Greg Lang, the clinic’s executive director, recalls one patient who came through the staff entrance in November 2011, on a day the clinic was not offering appointments.

Nancy was 55, with diabetes, high blood pressure, and back pain due to a recent fall. Uninsured and struggling to get by on limited income, she had been referred to the clinic. She circled the building until she found the unlocked staff door.

Lang arranged for Nancy to be seen the next day. She weighed 176 pounds then. Over the next seven years, Nancy faced health crises including stomach cancer that would shrink her to just 87 pounds.

As the clinic grew, it moved to a larger location in Norcross in July 2017, opening Gwinnett’s only full-time charity dental practice. Nancy followed; she also became a dental patient.

Having a medical home has made a difference: In the years since walking through the staff entrance, Nancy has relied on Good Sam Gwinnett for treatment of hypertension, diabetes, anemia, depression and cavities. Her health is improving slowly but surely; today, she weighs 113 pounds.

“These people are like my family,” Nancy says of her trusted provider.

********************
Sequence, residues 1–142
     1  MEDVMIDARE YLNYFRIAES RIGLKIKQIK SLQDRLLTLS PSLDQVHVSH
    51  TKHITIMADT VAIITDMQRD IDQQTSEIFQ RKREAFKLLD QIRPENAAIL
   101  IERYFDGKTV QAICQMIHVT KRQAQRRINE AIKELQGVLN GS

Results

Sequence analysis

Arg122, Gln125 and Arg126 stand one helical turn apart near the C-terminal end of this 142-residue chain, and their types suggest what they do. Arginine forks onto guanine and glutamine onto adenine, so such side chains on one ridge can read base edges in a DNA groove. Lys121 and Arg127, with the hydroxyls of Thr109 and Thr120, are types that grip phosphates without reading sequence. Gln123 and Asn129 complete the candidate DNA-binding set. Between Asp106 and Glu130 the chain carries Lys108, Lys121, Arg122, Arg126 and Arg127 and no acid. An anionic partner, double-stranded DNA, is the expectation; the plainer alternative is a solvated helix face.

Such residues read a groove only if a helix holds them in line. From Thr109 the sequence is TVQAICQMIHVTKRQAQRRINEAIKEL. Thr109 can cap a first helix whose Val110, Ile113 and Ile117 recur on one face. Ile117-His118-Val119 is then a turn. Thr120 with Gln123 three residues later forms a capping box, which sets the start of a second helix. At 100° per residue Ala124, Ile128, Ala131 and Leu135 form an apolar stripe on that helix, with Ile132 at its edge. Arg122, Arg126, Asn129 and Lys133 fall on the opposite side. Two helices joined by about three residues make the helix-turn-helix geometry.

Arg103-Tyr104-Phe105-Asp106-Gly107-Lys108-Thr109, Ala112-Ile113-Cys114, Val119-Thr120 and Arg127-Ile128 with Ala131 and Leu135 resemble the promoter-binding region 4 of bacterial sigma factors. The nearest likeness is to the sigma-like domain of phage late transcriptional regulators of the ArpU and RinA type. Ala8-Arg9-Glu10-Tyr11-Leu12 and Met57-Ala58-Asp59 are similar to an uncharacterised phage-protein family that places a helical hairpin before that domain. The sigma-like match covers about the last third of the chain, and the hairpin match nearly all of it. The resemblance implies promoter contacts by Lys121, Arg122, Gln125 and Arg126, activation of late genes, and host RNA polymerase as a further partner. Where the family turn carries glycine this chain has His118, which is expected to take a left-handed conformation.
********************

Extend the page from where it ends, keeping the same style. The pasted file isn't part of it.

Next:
Good Sam Gwinnett acquired another location a year ago through a merger. Back then, the second location served about 100 people a month. Today, it serves about 1,000.

“Without Good Sam Gwinnett, thousands of individuals in the community would struggle to find inexpensive and convenient access to a medical home,” Lang says.

While it is a safety-net clinic, Good Sam Gwinnett is not a free clinic. Patients pay a small fee representing about half the actual cost of the services provided. The average patient fee per visit is about $63.39; the average cost per visit is about $121.

The annual budget is about $3.2 million. Fundraising activities and donations help cover operations. The center continues to embrace its evangelical beginnings, offering prayer and spiritual counseling to patients and volunteers.